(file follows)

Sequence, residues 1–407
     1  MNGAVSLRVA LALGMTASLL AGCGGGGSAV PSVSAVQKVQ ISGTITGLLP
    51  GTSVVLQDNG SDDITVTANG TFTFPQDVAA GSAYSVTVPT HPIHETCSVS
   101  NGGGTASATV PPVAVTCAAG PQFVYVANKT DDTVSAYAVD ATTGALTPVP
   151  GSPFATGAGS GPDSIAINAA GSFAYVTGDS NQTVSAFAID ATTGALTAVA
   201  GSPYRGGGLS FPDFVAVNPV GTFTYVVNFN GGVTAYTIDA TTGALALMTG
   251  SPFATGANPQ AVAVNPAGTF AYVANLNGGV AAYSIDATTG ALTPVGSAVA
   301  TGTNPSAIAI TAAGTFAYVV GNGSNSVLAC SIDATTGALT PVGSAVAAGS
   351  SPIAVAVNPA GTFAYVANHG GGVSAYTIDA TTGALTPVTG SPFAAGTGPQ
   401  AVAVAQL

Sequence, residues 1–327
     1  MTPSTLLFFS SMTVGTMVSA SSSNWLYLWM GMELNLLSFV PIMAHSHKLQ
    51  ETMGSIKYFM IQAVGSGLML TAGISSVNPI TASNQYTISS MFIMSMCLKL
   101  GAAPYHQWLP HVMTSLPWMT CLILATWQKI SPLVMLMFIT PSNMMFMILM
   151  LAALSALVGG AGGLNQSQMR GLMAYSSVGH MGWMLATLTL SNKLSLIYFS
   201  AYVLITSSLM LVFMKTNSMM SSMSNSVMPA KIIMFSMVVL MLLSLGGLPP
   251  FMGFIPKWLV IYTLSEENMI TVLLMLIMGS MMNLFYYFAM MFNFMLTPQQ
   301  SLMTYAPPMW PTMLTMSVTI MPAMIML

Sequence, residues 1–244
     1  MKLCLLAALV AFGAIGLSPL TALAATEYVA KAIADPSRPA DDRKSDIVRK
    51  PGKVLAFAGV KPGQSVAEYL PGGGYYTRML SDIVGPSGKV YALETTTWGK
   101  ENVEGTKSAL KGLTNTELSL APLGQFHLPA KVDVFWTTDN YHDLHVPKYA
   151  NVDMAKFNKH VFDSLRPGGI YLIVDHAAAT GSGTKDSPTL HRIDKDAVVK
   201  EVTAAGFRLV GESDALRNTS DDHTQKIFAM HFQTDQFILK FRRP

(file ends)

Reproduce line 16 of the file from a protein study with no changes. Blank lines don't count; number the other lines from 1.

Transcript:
   201  AYVLITSSLM LVFMKTNSMM SSMSNSVMPA KIIMFSMVVL MLLSLGGLPP